National Immunization Month Concludes as School Year Begins

National Immunization Awareness Month (NIAM) is an annual observance held in August to highlight the importance of vaccination for people of all ages, and communities throughout Connecticut are responding with local initiatives aimed at increasing public awareness and understanding. NIAM was established to encourage people of all ages to make sure they are up to date on the vaccines recommended for them. Communities nationwide – including in Connecticut - have continued to use the month each year to raise awareness about the important role vaccines play in preventing serious, sometimes deadly, diseases.

NPHIC, in collaboration with CDC’s National Center for Immunization and Respiratory Diseases, developed information focusing on various age populations, including Babies and young children (July 31-August 6); Pregnant women (August 7-13); Adults (August 14-20); Preteen/Teen (August 21-27); Back to School (July/August).

Among the Connecticut communities participating through the end of the month are Bridgeport, Danbury, Hartford, Naugatuck Valley, New Britain, New Haven, Norwalk, Stamford, Torrington, Waterbury and West Haven.  In West Haven on Thursday, for example, there will be an information table at the West Haven Farmer’s Market.  That same day in New Haven, immunization coordinators will be on hand at the New Haven Health Department offices. Other communities have been utilizing social media, meeting with parents and students to assist with immunization information at the start of the school year, providing explanatory materials and making health department staff available for public information sessions.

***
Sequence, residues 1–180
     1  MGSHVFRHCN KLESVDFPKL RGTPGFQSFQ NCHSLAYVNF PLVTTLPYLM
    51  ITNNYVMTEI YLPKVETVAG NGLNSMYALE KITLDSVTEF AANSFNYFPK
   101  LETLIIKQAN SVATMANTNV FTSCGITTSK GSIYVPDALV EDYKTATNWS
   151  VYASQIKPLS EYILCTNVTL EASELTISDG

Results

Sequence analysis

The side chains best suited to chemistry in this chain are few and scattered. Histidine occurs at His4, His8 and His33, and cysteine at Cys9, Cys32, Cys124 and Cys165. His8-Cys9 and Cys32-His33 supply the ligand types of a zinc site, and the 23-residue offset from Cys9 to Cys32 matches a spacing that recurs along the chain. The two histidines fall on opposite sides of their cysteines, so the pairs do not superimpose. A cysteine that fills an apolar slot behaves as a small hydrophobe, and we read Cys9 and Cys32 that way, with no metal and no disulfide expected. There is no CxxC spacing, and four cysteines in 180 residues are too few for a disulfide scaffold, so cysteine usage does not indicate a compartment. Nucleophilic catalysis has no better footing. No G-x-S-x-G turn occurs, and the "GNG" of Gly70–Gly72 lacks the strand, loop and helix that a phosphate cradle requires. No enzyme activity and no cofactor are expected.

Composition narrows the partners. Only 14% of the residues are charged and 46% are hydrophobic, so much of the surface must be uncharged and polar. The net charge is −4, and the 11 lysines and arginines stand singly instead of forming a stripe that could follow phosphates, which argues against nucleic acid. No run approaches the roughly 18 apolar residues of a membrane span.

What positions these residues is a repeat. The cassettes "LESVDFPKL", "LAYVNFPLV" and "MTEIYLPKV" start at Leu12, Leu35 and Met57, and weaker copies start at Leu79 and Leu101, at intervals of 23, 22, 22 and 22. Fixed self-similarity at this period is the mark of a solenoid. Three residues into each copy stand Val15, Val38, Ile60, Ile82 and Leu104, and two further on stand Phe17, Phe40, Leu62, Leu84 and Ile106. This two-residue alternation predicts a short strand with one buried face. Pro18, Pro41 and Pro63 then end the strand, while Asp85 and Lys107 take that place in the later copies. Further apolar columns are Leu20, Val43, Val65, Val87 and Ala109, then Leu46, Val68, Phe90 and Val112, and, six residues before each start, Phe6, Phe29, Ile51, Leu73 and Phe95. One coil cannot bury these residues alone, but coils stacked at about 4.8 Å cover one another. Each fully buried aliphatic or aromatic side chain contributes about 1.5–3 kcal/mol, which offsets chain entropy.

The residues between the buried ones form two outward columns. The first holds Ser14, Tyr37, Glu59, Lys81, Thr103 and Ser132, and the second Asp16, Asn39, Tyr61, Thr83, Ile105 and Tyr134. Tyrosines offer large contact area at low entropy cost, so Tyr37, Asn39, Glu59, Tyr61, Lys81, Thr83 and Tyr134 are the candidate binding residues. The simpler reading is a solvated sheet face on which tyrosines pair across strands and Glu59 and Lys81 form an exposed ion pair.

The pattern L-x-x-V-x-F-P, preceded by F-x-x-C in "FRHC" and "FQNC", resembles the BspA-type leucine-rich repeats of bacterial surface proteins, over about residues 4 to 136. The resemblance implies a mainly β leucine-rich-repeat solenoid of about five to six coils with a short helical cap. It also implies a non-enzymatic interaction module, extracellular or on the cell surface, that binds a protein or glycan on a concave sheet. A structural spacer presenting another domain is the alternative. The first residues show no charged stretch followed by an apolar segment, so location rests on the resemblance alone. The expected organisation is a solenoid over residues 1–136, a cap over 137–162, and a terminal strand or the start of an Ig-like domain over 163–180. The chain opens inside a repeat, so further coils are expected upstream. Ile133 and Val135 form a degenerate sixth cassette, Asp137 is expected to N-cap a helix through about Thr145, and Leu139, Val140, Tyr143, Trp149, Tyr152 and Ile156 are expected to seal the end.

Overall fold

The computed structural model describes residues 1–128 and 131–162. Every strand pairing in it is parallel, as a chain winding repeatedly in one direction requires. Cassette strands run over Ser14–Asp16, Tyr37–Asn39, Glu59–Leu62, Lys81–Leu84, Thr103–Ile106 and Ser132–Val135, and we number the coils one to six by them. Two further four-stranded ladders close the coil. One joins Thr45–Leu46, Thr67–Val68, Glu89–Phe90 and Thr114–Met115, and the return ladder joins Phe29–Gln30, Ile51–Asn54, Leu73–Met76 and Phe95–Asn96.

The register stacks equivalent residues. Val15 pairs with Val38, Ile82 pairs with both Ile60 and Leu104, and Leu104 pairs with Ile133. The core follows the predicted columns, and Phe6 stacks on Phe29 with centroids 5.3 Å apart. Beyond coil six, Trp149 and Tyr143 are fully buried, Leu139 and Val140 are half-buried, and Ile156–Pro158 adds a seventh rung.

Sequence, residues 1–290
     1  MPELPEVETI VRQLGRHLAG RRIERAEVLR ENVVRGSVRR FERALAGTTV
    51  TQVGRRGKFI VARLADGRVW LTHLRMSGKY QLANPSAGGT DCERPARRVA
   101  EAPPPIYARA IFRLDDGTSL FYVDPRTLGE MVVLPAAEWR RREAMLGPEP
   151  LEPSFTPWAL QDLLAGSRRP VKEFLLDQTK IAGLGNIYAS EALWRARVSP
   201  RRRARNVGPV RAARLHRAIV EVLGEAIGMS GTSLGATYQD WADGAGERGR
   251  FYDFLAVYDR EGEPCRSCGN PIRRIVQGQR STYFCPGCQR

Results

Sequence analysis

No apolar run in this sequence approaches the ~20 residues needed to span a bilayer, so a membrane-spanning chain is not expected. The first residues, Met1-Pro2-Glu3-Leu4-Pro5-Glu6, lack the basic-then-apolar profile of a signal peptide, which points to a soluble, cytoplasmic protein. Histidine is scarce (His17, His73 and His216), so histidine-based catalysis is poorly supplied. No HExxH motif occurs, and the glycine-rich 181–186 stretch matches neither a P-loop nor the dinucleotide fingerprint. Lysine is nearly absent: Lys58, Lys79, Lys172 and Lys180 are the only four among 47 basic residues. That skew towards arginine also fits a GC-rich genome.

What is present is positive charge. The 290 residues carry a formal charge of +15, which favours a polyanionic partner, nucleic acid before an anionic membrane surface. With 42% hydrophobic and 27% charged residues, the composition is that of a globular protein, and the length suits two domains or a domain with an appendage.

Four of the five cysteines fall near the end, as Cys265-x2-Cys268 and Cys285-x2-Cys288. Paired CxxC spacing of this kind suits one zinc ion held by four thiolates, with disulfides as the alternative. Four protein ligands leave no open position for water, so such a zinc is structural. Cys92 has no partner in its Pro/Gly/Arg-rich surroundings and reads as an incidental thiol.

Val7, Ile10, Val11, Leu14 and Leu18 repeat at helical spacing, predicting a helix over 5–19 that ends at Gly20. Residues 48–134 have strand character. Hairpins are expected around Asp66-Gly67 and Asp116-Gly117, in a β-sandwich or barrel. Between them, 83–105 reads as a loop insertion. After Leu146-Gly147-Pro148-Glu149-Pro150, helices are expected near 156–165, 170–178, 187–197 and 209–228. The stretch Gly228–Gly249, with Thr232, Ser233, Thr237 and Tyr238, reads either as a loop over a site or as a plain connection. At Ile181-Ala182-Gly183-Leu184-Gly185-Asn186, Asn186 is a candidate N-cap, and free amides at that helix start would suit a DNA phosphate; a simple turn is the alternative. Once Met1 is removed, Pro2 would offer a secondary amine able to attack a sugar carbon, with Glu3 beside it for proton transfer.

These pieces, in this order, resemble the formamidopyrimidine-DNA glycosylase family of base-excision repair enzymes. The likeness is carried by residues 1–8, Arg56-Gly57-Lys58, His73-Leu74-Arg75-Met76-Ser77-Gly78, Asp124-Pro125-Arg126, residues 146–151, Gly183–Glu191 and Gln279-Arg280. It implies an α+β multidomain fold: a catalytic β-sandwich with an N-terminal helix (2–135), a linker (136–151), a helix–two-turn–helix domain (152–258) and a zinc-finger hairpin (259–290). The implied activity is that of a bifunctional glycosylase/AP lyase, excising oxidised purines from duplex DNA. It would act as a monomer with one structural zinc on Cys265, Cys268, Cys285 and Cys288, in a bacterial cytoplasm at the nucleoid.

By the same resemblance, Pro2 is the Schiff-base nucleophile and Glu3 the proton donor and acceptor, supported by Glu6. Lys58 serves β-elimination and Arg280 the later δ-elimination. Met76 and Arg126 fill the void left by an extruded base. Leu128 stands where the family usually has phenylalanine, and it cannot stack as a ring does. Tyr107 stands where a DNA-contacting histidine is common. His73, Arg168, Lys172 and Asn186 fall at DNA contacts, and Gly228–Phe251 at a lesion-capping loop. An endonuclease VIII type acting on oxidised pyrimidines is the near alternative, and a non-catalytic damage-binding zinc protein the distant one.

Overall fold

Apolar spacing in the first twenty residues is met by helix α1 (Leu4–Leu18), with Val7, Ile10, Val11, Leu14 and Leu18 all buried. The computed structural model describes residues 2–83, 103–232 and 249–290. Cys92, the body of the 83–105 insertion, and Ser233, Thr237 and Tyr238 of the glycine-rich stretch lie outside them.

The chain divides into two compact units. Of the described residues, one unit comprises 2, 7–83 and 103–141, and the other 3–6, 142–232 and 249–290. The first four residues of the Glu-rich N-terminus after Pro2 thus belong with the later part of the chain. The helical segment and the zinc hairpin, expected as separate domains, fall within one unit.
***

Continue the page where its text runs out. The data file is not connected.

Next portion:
The Connecticut Department of Public Health (DPH) explains that most vaccine-preventable diseases are caused by germs that are called viruses or bacteria. Vaccines to help prevent these diseases generally contain weakened or killed viruses or bacteria specific to the disease. Vaccines help your body recognize and fight these germs and protect you each time you come in contact with someone who is sick with any of these diseases.

There are a series of steps that your body goes through to develop immunity through vaccination, the DPH website explains:

  • a vaccine is given by a shot (influenza vaccine may be given by a nasal spray and rotavirus vaccine is given by mouth).
  • over the next few weeks your body makes antibodies and memory cells against the weakened or dead germs in the vaccine.
  • the antibodies can fight the real disease germs if you are exposed to the germs and they invade your body. The antibodies will help destroy the germs and you will not become ill.
  • antibodies and memory cells stay on guard in your body for years after vaccination to safeguard you from the real disease germs.

The Connecticut Vaccine Program is Connecticut’s childhood vaccination program. It ensures all children in the state get the vaccinations they need, when they need them, to stay healthy. The state buys vaccine at the lowest possible price through a government contract, and gives the vaccines at no cost to clinics, private doctors, and other health care providers. These providers then vaccinate children without charging patients for the cost of the vaccine (health care providers may still charge an administration fee). Without this program, some insurance companies may not cover the full cost of vaccine, making it too expensive for some families.  There are hundreds of health care providers enrolled in the Connecticut Vaccine Program (CVP) throughout the state, according to the department.

Most vaccines are given to babies and young children, DPH points out, but “some are needed throughout your lifetime to make sure you stay protected. This protection is called immunity. Vaccines are an important and safe way to keep you healthy.”